Hon Dr Nick Smith
Minister for Climate Change Issues
15 April 2011 Media Statement
Emissions down and NZ on target to meet Kyoto
Climate Change Minister Nick Smith today welcomed reports on New Zealand's Greenhouse Gas Emissions for 2009 and the
projected net position for 2008-2012 that show the Emissions Trading Scheme is working and that New Zealand is on track
to meet its Kyoto commitments.
"These are the most encouraging reports on climate change in a decade in that they show a reduction in emissions and New
Zealand comfortably meeting its Kyoto commitments. We still have a huge job ahead in meeting our long-term emission
reduction target of a 50% reduction by 2050,” Dr Smith said.
The Greenhouse Gas Inventory Position Report shows New Zealand's total emissions in 2009 reduced to 70.6 million tonnes
– down 3% from 2008. The net emissions under Kyoto rules for 2009 were 53.4 million tonnes – down 4% from 2008. This is
the second consecutive year of reductions in both gross and net emissions after a long trend of increases since 1990.
The Projected Net Position Report estimates that New Zealand will have a surplus of 21.9 million tonnes for the Kyoto
Period of 2008-2012, an improvement from 11.4 million tonnes estimated in 2010. This surplus has an estimated value of
$444 million for New Zealand. This is not money that goes to the Government as $1.2 billion of carbon units are
allocated to post-1989 forest owners. It is good news for the Budget in that Government liabilities from the Emissions
Trading Scheme are reduced by $238 million.
"These reports show the ETS working effectively in the forestry sector with deforestation ending when the scheme took
effect in 2008. New plantings of 1900 hectares were achieved in 2008, 4000 hectares in 2009, 6000 hectares in 2010, with
projections of 8000 in 2011 and 10,000 in 2012,” Dr Smith said.
"It is too early to confirm the effect of the ETS on emissions in the energy and industrial sectors as it only took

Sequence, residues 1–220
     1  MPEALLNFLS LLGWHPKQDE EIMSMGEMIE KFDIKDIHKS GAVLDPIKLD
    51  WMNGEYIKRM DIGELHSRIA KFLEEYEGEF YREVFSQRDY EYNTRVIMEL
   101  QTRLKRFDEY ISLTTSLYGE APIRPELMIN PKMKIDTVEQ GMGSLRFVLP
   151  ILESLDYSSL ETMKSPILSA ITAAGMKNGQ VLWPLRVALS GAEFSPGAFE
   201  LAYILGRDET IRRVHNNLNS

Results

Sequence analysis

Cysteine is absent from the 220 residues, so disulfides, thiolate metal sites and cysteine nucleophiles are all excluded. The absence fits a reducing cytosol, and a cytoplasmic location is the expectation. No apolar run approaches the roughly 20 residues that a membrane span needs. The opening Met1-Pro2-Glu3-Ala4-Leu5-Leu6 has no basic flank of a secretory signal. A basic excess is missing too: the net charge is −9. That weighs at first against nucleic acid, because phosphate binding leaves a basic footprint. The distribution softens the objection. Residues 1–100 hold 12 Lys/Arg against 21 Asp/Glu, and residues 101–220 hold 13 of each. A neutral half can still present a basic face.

effect on 1 July 2010. I am encouraged by the switch we have seen from investment in thermal generation to renewables
and am confident this will reduce emissions in future reports.
"Caution is needed in interpreting the net position report for the period 2008-2012 because it involves projections into
the future. This uncertainty reduces with time as we get final data for years past but a climatic event like a drought
this year or next could significantly change the position. Refinements in calculating methodologies are also continuing
to affect estimates.
"The recession and lower projected economic growth accounts for about a quarter of the improvement. Other significant
factors that have improved the data is greater supplies of renewable energy, improved data on agricultural emissions and
more accurate information on forested areas.
“The future challenge is to increase economic growth while continuing this positive reduction in emissions. It is
encouraging that in the first two years of the ETS, the emissions efficiency of the economy is being improved.
“The ETS, Global Research Alliance on Greenhouse Gas Emissions, $347 million Warm Up New Zealand initiative, and the $1
billion investment in Auckland Rail Electrification are all part of our Bluegreen programme to make the economy more
emissions efficient. The Green Growth Advisory Group is about furthering this work and assisting New Zealand shift to a
less carbon intensive economy.”
The Greenhouse Gas Inventory Position Report for 2009 and Projected Net Position Report are available at: